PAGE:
French President François Hollande took aim at British Prime Minister David Cameron on Tuesday ahead of this week’s EU budget talks.
Hollande, who was addressing MEPs in Strasbourg, hit out at the UK rebate, which London says is a ‘red line’ for Thursday’s negotiations.
“Rebates must stop rising, and in the future the EU will need its own (financial) resources,“ said Hollande.
“A compromise is possible, but it must be reasonable and therefore we will have to reason with those who want to cut the EU budget beyond what is possible to accept.”
Britain’s rebate was negotiated by Margaret Thatcher three decades ago to compensate Britain for the small amount of agricultural subsidies it receives.
Spending on farming makes up some 40 percent of the EU’s budget. The European Commission has put forward a proposal amounting to one trillion euros.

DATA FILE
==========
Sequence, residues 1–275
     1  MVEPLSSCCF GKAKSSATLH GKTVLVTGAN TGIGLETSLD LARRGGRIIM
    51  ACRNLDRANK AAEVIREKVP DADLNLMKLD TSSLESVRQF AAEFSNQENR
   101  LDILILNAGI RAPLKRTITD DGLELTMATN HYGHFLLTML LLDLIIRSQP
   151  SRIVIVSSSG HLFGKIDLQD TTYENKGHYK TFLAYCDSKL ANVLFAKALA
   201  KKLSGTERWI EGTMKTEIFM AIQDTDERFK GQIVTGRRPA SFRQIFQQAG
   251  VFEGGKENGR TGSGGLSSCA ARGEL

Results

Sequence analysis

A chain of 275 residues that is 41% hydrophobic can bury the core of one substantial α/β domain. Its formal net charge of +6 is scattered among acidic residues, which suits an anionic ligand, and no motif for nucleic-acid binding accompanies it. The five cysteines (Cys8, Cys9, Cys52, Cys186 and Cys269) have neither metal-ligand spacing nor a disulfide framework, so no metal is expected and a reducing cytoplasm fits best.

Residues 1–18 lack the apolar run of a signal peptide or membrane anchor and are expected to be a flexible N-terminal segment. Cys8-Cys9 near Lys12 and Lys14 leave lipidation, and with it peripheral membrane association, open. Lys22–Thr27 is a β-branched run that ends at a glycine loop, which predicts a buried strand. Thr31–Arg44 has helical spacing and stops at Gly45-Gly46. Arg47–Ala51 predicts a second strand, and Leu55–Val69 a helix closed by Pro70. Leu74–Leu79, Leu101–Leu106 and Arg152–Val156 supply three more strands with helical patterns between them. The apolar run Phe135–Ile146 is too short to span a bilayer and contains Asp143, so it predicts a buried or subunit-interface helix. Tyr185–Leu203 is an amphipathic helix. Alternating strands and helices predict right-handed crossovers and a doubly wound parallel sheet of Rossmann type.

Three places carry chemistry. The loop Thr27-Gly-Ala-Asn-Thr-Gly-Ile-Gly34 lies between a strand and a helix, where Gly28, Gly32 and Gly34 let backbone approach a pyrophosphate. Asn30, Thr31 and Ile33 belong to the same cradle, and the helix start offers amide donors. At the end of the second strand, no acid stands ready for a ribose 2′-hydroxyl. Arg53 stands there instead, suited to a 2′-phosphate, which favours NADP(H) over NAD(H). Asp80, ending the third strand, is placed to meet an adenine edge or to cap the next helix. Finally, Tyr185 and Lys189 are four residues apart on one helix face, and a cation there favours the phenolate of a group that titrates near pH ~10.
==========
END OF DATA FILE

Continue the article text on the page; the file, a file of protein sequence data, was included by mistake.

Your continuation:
Hollande also told MEPs in Strasbourg that the EU should have the power to raise taxes and spend those revenues in the same way governments do.
“Yes, make cuts but weaken the economy, no,” he said, stressing that the new budget must also “support the most vulnerable, those most exposed to the crisis, the poorest.”
EU net contributors – those that pay more in than they get out - including Sweden, The Netherlands and Denmark back Britain’s more hawkish stance on spending.
MPs in Britain are demanding a real terms cut to the current EU budget for the period 2007-2013, which also amounts to one trillion euros.
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